Please use this identifier to cite or link to this item: http://hdl.handle.net/10603/2017
Title: National security dilemmas of small states: a case study of Sri Lanka
Researcher: Kumara, Jeewaka Saman A K
Guide(s): Pandit, Santishree D
Upload Date: 2-May-2011
University: University of Pune
Completed Date: March 2010
Abstract: The study of national security is a sub-discipline of the wider subjects usually still referred to as International Politics. During the Cold War period, the notion of national security was perceived as military threats from the external sources. As a result of the increase of the intra-state ethnic conflicts, the study of relationship between national security dilemmas and internal threats for the states has assumed much importance. In present time, the analysis of national security dilemmas of small states has been mostly determined by the intra-state ethnic conflict. This is apparent from the numerous intra-state ethnic conflicts which have been going on in many small states. In this broader context, the study of national security dilemmas of small states from the dimension of ethnic conflict is of much significance. This study is based on a single case study method. Case study is preferred when the research is supposed to be done to enquire on a specific aspect. For this research, a process of tracing approach rather than conducting a comparative study with other small states has been adopted. It may be added that the Sri Lankan long-standing ethnic conflict with all its characteristics constitute an ideal case for the analyses of relationship between the ethnic conflict and national security dilemmas of small states. It is clear that the Tamil separatist struggle on an ethno-regional basis in Sri Lanka in its violent and protracted nature has been vital to the security and stability of the state. The ethnic conflict has grown to be a serious threat to the internal and external security as well as policy capacity of the state. However, since the independence of Sri Lanka in 1948, political rivalry between the political parties has long hindered peace efforts in the country.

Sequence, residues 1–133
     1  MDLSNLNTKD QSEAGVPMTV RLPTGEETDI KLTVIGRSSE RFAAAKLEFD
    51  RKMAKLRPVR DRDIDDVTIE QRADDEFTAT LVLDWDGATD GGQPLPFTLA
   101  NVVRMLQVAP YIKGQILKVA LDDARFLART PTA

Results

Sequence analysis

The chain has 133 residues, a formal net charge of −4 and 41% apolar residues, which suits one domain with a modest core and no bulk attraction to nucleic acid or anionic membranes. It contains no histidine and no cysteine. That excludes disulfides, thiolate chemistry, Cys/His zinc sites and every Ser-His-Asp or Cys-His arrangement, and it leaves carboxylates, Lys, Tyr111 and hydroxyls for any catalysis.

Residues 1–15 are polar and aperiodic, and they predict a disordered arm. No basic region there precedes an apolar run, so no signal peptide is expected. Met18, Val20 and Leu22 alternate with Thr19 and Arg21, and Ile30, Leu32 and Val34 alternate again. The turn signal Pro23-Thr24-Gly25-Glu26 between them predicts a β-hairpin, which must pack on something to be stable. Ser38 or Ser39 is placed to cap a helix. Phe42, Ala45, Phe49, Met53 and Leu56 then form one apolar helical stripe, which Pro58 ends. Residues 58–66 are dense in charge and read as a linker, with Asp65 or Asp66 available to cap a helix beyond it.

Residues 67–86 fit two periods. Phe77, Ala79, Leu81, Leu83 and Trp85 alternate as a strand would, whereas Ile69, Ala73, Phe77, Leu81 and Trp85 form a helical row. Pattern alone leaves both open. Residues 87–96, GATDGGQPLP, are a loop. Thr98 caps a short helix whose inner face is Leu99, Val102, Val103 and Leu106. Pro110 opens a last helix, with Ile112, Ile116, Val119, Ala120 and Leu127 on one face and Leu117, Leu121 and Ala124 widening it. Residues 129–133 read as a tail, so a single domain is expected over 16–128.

Pagination: ix, 254p.
URI: http://hdl.handle.net/10603/2017
Appears in Departments:Department of Politics & Public Administration

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02_certificate.pdf98.1 kBAdobe PDFView/Open
03_declaration.pdf98.35 kBAdobe PDFView/Open
04_content.pdf11.02 kBAdobe PDFView/Open
05_acknowledgement.pdf11.6 kBAdobe PDFView/Open
06_abbreviation.pdf100.21 kBAdobe PDFView/Open
07_list of figure,tables,graph.pdf20.93 kBAdobe PDFView/Open
08_abstract.pdf12.55 kBAdobe PDFView/Open
09_chapter 01.pdf297.09 kBAdobe PDFView/Open
10_chapter 02.pdf575.68 kBAdobe PDFView/Open
11_chapter 03.pdf291.58 kBAdobe PDFView/Open
12_chapter 04.pdf323.36 kBAdobe PDFView/Open
13_chapter 05.pdf299.2 kBAdobe PDFView/Open
14_chapter 06.pdf85.78 kBAdobe PDFView/Open
15_appendix.pdf225.29 kBAdobe PDFView/Open
16_bibliography.pdf289.53 kBAdobe PDFView/Open


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